Consume or Contribute?
In different fields and professions - commerce, law, medicine, agriculture, accountancy, sports, entertainment, media, etc - women and men can use ICT to enable growth, create wealth, improve competitiveness, increase productivity and create new opportunities.
ICT has become so important; in fact you simply can't function at your best if you don't understand, adopt and grasp ICT. Are you a driver in the knowledge system? Then you should use ICT to raise your career and business up and push your cost and challenges down.
However, while the usage of ICT is important, it's not just about consumption. The issue is not consume or contribute - it's consume, contribute and create. Any nation that wants to be taken seriously in the global world must have highly skilled human capital that develops, creates and supports technology products and services. Success in the knowledge driven economies of the developed nations has been due largely to the skilled workforce and thoughtful ICT policies.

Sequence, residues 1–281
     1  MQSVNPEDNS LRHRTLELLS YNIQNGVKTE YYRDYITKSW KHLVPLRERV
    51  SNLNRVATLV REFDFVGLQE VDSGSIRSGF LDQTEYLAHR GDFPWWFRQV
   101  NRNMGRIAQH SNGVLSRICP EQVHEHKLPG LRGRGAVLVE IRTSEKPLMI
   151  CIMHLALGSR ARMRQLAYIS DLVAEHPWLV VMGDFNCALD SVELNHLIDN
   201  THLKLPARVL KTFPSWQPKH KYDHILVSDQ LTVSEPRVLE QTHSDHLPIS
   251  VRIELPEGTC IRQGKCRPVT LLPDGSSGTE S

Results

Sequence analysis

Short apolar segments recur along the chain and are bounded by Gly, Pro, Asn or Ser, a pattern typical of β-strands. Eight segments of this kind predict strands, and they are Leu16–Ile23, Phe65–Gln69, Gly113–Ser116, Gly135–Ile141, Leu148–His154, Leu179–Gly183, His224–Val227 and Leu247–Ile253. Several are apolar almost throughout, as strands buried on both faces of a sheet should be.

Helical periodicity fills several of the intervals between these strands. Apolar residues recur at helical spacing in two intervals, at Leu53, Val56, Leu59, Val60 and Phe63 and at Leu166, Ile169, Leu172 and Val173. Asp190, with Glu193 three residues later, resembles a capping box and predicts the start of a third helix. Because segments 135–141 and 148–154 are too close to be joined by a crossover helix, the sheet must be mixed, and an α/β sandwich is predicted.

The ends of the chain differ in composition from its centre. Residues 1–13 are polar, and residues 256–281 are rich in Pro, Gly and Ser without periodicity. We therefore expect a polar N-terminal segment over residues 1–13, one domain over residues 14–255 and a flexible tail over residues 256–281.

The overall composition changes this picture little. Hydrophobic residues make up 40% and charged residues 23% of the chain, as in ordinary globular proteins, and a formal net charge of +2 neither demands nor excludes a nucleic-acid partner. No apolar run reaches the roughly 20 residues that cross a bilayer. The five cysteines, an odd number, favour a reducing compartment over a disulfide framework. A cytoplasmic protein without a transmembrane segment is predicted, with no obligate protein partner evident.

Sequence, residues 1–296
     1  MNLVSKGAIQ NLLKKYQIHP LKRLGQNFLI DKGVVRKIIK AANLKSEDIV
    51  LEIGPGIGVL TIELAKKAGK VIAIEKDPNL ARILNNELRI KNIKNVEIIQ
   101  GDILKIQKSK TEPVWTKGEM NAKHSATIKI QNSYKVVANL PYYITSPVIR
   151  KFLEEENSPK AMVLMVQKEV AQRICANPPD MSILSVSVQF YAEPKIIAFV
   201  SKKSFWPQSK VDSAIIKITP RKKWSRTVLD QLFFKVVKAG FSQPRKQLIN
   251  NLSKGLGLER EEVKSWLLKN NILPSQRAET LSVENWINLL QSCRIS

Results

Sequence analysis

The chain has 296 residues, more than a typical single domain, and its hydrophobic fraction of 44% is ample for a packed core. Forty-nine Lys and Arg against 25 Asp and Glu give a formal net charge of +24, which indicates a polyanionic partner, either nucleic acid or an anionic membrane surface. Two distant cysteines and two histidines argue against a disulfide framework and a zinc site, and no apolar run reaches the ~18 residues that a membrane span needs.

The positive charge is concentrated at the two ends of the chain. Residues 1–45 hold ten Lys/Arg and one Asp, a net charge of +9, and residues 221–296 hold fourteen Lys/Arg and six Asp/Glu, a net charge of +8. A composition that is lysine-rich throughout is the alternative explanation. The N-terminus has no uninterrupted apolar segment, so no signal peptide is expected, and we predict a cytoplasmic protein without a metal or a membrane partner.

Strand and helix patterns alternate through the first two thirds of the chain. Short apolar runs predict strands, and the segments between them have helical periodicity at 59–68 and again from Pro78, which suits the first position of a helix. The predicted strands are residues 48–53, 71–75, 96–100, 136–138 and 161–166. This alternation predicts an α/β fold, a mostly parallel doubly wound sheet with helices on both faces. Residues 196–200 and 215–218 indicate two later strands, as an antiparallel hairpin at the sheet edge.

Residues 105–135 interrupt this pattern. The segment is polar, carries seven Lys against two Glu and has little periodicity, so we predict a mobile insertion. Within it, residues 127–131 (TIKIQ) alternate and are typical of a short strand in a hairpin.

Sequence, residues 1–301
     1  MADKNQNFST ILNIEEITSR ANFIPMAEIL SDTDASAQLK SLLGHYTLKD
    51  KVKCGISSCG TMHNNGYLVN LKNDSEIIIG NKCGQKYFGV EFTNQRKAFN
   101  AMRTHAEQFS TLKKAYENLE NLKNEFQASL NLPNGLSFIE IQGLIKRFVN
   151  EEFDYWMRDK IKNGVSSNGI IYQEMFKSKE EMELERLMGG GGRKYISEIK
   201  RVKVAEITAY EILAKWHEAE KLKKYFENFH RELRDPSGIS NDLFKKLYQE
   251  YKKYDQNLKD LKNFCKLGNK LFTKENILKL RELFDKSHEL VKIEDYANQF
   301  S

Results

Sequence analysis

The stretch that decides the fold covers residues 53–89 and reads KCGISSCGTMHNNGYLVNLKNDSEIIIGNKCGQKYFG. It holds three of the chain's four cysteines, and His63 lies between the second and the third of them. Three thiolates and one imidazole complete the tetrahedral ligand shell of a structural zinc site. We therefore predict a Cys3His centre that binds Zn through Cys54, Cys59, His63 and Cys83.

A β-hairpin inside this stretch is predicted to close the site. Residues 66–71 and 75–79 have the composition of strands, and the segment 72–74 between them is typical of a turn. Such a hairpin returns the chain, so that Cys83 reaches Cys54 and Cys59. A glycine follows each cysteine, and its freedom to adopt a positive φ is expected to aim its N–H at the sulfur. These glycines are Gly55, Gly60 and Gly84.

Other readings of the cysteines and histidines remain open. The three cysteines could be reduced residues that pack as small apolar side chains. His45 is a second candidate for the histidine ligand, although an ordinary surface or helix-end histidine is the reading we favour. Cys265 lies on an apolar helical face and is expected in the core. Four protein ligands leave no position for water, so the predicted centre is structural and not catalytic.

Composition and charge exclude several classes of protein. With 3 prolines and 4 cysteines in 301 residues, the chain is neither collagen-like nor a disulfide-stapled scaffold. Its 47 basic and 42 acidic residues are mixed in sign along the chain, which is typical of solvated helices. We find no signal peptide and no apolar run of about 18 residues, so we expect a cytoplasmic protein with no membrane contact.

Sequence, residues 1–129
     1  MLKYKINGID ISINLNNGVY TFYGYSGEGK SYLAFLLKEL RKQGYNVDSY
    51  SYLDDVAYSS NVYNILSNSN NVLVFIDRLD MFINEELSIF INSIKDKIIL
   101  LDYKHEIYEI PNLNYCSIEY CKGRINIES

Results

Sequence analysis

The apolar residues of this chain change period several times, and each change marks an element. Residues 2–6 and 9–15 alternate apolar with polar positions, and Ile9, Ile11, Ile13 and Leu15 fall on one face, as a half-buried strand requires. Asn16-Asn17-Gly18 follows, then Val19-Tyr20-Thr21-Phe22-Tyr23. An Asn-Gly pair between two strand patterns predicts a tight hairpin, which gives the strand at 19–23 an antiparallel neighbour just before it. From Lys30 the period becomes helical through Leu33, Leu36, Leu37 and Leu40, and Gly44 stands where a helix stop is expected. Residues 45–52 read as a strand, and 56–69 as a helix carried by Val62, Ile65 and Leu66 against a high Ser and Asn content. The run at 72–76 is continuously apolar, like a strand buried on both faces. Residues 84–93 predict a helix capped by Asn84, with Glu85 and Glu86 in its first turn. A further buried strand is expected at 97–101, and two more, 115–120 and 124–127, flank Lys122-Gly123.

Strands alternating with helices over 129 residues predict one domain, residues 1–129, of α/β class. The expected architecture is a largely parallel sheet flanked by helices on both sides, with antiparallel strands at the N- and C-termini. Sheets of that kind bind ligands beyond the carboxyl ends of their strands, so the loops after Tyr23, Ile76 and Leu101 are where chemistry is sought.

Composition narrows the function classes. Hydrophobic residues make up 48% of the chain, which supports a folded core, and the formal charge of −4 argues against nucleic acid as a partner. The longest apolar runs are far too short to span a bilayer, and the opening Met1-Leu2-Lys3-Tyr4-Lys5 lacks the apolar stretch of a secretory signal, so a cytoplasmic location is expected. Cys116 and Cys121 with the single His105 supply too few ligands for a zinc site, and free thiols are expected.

Women in the ICT industry
How many women are building careers in this interesting and exciting field? Make no mistake; there are women making great strides in ICT. Indeed we must acknowledge and commend the efforts of women who are contributing immensely in ICT such as Mrs. Florence Seriki, CEO, Omatek Computers, Nigeria and Dr. (Mrs) Adenike Osofisan, Former President of the Computer Professionals Registration Council of Nigeria (CPN).
But the issue has never been that there are no women making a difference in ICT.
Rather, are there women in sufficient numbers to make a difference? What proportion of women compared to men are active participants in the technology sector? And in which areas do they predominate? Where are the majority of women in the ICT value chain? What do women do where they are? Are women in ICT realizing their potentials? Do women in ICT benefit fully from the career and entrepreneurial opportunities in ICT?